Carrie Wooten

Moral decision?

Filed By Carrie Wooten | August 12, 2006 10:38 AM | comments

Filed in: The Movement

This story was brought to my attention early this morning and I thought it best to post on it right away. A girl, who was raped in front of her home, was denied Plan B when she went to the hospital due to the doctor's religious beliefs. He said he had an ethical and moral decision to make. The girl then called her gynocologist, who gave her a prescription, but when she went to fill it at her local pharmacy, was told they were out of it and had to drive 25 miles to the next town to get it.

The propaganda against women's reproductive rights has become so polarized that now women can't even easily aquire a high dose of the pill, which is all Plan B is. I wonder if this doctor refuses to write prescriptions for daily birth control as well. The thing that is the most aggrivating, is when the "moral" and "ethical" cards are played by doctors who turn their noses up at rape victims... who say that their own ideology is more important than the health of those who are physically and emotionally traumatized.

The fundamentalist movement seems to be the scapegoat for, and tool of, a greater patriarchal machine. It seems, more often than not, that it is men in high places who stand in the way of a woman's decision of what to do with her body. They claim it is their religious beliefs, that they have to save "the unborn children," but there is a viciousness behind their voice... a fevered desperation to keep control of the one thing that can stop a woman in her progressive tracks. Without constant access to birth control and emergency contraception, we are a slave to our bodies, destined to be incubators of life, be it wanted or unwanted, until we are all used up.

Isn't it moral and ethical to allow a woman to determine the course of her life to the best of her ability and not interfere with that decision?

"No woman can call herself free who does not own and control her own body. No woman can call herself free until she can choose consciously whether she will or will not be a mother." - Margaret Sanger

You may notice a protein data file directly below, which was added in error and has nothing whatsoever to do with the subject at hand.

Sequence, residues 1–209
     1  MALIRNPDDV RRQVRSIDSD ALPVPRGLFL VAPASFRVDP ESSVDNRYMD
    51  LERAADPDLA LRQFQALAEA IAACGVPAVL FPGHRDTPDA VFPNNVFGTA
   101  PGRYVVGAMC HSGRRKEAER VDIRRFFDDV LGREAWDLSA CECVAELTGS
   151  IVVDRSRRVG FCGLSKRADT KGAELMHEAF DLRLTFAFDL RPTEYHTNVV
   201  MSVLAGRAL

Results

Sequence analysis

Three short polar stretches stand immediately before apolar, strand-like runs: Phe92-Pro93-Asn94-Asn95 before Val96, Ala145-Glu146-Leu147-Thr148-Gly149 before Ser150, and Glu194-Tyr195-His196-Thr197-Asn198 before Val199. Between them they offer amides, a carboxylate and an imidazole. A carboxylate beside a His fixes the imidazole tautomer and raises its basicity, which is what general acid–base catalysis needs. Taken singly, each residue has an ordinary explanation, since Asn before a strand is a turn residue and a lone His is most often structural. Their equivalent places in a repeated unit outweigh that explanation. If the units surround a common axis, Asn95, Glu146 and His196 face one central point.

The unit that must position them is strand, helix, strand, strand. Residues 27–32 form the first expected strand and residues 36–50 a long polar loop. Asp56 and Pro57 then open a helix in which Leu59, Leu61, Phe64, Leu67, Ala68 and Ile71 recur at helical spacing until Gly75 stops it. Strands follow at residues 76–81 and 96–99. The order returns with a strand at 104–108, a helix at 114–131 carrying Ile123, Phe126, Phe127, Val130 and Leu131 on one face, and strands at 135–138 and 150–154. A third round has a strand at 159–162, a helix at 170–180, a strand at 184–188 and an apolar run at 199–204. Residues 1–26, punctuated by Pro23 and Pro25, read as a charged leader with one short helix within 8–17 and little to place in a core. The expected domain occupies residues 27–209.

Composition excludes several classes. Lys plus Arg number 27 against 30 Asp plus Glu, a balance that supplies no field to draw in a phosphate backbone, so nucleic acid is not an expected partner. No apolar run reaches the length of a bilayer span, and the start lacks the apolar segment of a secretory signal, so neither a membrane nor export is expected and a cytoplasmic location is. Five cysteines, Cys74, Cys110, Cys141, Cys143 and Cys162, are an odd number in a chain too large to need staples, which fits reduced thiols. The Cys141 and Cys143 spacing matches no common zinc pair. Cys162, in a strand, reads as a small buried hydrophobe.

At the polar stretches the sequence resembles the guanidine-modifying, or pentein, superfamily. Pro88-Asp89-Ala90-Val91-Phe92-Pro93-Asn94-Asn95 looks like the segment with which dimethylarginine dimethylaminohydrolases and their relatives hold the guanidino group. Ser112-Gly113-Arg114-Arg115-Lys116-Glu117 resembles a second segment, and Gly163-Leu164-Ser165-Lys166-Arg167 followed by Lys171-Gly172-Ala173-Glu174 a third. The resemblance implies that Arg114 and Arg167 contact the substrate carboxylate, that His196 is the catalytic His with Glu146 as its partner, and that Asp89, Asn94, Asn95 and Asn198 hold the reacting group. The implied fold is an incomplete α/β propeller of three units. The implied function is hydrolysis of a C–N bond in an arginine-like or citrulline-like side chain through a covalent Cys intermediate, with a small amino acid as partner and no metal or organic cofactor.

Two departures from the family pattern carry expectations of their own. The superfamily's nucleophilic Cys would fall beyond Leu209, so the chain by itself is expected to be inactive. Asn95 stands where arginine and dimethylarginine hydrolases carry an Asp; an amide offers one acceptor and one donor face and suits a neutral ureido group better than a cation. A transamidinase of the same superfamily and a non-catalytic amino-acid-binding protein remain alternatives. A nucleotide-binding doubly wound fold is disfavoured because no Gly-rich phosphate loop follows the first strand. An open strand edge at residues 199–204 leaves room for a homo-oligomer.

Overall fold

Recent Entries Filed under The Movement:

Leave a comment

We want to know your opinion on this issue! While arguing about an opinion or idea is encouraged, personal attacks will not be tolerated. Please be respectful of others.

The editorial team will delete a comment that is off-topic, abusive, exceptionally incoherent, includes a slur or is soliciting and/or advertising. Repeated violations of the policy will result in revocation of your user account. Please keep in mind that this is our online home; ill-mannered house guests will be shown the door.

Marla R. Stevens | August 13, 2006 3:44 AM

In my opinion (and I'm not stating a legal opinion here, just a personal one), the physician committed malpractice by not providing her with the information and, at minimum, a proper referral, which he never did, even when the rape survivor's mother called the hospital where he works about it later.

He has a responsibility to hand any rape case off to a physician capable of fully treating the patient or, in absence of such, treating the patient fully himself. If he will not do so, then the hospital should not permit him to practice in their emergency department.

The ones I've known who behave like this about emergency contraception have all been real pigs with gay patients, too. Somehow I doubt it's a coincidence.

Bruce Parker | August 13, 2006 4:35 AM

Your post reminds me of the ways that trans issues and women's issues often overlap. How often are women who have suffered these types of assaults denied medical care? Transpeople die frequently for doctors refusal to treat them based on "moral" objections. Sad Sad Sad.

The whole issue of professionals exercising personal religious beliefs, by refusing to provide the best standard of care, as determined by their profession, is utter nonsense in aid of all kinds of evil agendas, some of them mentioned here. Professionals, such as physicians and pharmacists, are ethically bound to treat anyone who needs it, without regard for their own scrupples; that is a condition of their license to practice. The principle applies to druggists who decline to supply legal birth control and to physicians who decline to offer their patients legal abortions, and to any other professional in a similar postion who puts their own prejudices before their ethical duty.

This abuse will stop, perhaps, when someone notable, e.g. James Dobson, has a bad car accident and is transported to a Jehova's Witness hospital.